These sophisticated little shortbread bites are flavored with earl grey tea and orange zest and then drizzled with a mandarin orange glaze. I liked them on the first day that I made them but I loved them once they had a chance to sit overnight. They are the kind of cookie that just gets better with age.
I had recently picked up Martha Stewart's cookie book and was dying to try a recipe. Actually, more like dying to try 25, 30, 40 of the recipes. The more that I went between the pages trying to narrow it down, the more recipes I ended up adding to my list. In the end I handed the book over to my friend Noelle and told her to pick one of the recipes from the dog-eared pages for me.Left to my own devices I'm happy to just make lists upon lists of things to bake and do without ever getting around to the actual doing part of things.
Considering that Noelle's visits always involve tea (always) this recipe is very fitting. Plus it was a snap to put together. In fact, it was so easy (and delicious) that I made the cookies two days in a row.
The first step is to grind up earl grey tea leaves into a fine powder. This tea is already ground very fine but I gave it a whirl in a spice grinder anyways. For the second batch I skipped that step and there was no noticeable difference.
The next step is to zest an orange. I used a regular orange for the cookies but a mandarin orange for the glaze. I find that once zest is baked into a cookie there isn't too much difference between regular and mandarin but when it's raw (like in the glaze) you can really tell which one is which.
To make the dough the tea gets stirred in with the flour and set aside. Then soft butter gets creamed with the zest and icing sugar and the flour is stirred in until it's all combined. The trick to having workable dough is making sure that your butter is soft so that it coats the flour properly. If the butter is not quite at room temperature then the dough will be a bit crumbly and stubborn. And nobody like stubborn dough.
The dough only takes a few minutes to put together and the cookies only take around 10- 13 minutes to bake. The dough does need to chill before you can roll it out or slice it if you've made it into a log but this gives you time to clean up the kitchen (and make a cup of tea!).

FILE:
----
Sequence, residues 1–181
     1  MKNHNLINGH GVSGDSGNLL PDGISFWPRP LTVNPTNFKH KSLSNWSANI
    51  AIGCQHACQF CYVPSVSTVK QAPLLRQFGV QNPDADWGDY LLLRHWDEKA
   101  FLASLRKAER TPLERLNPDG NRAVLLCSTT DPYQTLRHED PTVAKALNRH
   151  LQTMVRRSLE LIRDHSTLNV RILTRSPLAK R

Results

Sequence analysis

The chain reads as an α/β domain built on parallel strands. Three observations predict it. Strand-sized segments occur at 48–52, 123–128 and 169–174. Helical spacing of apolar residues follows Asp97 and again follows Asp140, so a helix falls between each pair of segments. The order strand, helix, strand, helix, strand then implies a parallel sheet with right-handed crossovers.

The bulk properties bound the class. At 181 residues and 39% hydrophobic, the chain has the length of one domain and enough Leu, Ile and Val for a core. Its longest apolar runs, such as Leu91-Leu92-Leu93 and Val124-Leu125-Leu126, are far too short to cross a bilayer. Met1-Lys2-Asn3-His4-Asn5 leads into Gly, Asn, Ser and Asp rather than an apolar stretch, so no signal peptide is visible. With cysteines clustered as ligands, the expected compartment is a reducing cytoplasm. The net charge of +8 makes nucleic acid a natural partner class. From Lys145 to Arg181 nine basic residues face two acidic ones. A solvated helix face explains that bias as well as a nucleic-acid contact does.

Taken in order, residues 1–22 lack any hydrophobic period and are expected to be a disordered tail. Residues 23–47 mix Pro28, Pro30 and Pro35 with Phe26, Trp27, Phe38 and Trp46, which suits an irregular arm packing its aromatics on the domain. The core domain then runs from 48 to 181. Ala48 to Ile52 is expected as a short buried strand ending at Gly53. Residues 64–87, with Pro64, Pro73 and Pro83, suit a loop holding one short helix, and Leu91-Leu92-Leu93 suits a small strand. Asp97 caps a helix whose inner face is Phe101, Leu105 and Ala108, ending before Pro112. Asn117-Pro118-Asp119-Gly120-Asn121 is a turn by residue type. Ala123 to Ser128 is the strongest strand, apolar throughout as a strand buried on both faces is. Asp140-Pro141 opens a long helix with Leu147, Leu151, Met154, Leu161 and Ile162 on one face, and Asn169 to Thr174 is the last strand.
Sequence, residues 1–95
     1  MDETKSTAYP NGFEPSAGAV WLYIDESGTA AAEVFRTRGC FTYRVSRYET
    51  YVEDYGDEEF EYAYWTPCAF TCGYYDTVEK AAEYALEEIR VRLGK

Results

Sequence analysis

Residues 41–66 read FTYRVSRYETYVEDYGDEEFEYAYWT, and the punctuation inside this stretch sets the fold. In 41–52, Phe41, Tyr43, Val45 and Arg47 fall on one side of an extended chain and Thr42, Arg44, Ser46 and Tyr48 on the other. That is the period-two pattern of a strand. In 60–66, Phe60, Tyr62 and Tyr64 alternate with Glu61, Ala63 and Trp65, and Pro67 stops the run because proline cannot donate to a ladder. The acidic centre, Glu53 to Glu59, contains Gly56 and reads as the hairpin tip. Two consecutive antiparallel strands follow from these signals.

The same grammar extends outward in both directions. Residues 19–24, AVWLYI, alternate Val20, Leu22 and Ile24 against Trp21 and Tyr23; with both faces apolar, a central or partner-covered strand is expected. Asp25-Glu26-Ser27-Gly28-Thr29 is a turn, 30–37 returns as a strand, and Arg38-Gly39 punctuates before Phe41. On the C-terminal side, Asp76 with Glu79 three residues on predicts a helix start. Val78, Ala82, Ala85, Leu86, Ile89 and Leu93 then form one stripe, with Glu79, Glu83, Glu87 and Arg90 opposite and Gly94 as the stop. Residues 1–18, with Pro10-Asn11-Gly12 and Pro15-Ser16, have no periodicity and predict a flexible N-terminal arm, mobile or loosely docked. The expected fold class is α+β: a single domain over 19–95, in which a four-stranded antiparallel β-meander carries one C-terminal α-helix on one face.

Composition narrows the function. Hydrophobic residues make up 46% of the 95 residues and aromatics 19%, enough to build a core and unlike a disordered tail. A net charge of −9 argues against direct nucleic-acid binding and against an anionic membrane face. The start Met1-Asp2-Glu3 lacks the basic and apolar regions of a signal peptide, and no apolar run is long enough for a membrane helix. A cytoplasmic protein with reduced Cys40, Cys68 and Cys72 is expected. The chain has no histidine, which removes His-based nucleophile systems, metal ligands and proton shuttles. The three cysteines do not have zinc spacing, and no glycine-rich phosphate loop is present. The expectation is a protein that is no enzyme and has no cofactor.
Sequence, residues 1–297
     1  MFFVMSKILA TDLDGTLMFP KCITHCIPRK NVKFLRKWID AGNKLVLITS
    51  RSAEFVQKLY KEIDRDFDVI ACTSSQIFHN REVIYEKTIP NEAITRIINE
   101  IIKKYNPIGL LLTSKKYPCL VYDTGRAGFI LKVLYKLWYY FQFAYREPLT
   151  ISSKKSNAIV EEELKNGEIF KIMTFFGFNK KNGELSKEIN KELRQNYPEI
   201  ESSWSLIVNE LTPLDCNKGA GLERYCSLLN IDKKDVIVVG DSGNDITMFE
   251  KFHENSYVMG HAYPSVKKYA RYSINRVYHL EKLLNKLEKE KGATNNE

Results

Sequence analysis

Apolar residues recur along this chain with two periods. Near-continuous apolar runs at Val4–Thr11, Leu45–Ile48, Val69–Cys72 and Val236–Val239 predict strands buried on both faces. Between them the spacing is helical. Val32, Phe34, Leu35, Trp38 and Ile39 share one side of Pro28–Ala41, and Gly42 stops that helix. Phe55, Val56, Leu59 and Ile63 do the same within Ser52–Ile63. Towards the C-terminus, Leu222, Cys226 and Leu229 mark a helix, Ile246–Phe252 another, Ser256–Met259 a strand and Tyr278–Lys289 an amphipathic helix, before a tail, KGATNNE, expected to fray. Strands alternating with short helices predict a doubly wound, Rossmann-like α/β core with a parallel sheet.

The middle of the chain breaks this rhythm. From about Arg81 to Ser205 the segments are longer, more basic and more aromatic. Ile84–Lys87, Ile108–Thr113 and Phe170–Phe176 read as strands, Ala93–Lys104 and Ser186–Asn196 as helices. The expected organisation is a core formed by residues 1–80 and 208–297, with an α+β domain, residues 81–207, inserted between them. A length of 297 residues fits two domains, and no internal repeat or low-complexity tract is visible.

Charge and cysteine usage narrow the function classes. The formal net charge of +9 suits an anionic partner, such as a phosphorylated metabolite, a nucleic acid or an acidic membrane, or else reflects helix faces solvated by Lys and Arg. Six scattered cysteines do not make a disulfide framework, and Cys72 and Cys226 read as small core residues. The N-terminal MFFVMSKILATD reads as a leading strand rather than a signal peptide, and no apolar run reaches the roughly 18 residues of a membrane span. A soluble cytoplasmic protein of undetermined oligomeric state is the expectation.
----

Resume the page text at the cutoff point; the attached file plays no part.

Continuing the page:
Where have you been all my life shortbread? So quick and so tasty.
The cookies are only slightly sweet which means that they lend themselves perfectly to being drizzled with a sweet and citrus-y glaze. I mixed up some orange juice with mandarin zest and icing sugar and topped off the cookies with it. You can still taste the hint of tea and each cookie is buttery and has at least a few grains of salt in it that make them a little bit addictive.
I think I'm going to make all my shortbread cookies this tiny from now on for a whole variety of reasons. First (and most importantly) they look adorable like this. My irrational love for miniature things definitely applies to baked goods. Secondly, these cookies are the perfect size for when you want something to go along with your tea or coffee but probably shouldn't be eating an entire regular-sized cookie (although there is no guarantee that you won't just eat more of the little ones). Plus the recipe makes a lot of tiny cookies so you'll have some to share!
Earl Grey Shortbread with Orange Glaze
(slightly adapted from Martha Stewart's Cookies)
2 cups flour minus one tablespoon
1 TBSP corn starch
2 TBSP finely ground earl grey tea (about four tea bags)
1/2 tsp salt
1 cup unsalted butter soften/room temperature
1/2 icing sugar (powdered sugar)
1 TBSP orange zest
Preheat oven to 375
1. Stir together the flour, salt, and tea
2. In the bowl of a mixer cream the icing sugar, butter, and zest together until light and fluffy
3. With the mixer speed on low stir in the flour mixture until combined
4. If rolling out the dough to cut out shapes: Squeeze the dough into a ball, wrap in plastic and chill until firm enough to roll out. Roll out dough to 1/4 inch thickness and cut out 1 1/4 inch shapes and place on parchment paper lined cookie sheets. Place cookie sheets in freezer to firm up before baking.
If shaping the dough into a log for slices: Divide the dough in half. Shape each half into a log 1 1/4 inches in diameter and wrap in parchment. Place in freezer until firm enough to slice. Slice each cookie 1/4 inch thick and place on parchment paper lined cookie sheets.
5. Bake the cookies at 375 for 10-13 minutes until the edges of the cookies are slightly brown. Move to a wire rack to cool completely before serving.
1 - 2 TBSP orange juice
zest from one mandarin orange
Icing sugar/ powdered sugar
1. Combine one tablespoon of orange juice with the orange zest. Gradually whisk in icing sugar until the glaze is of drizzling consistency. If your glaze gets too thick add a few drops of orange juice at a time until it thins out. Drizzle over the cookies and let set before serving.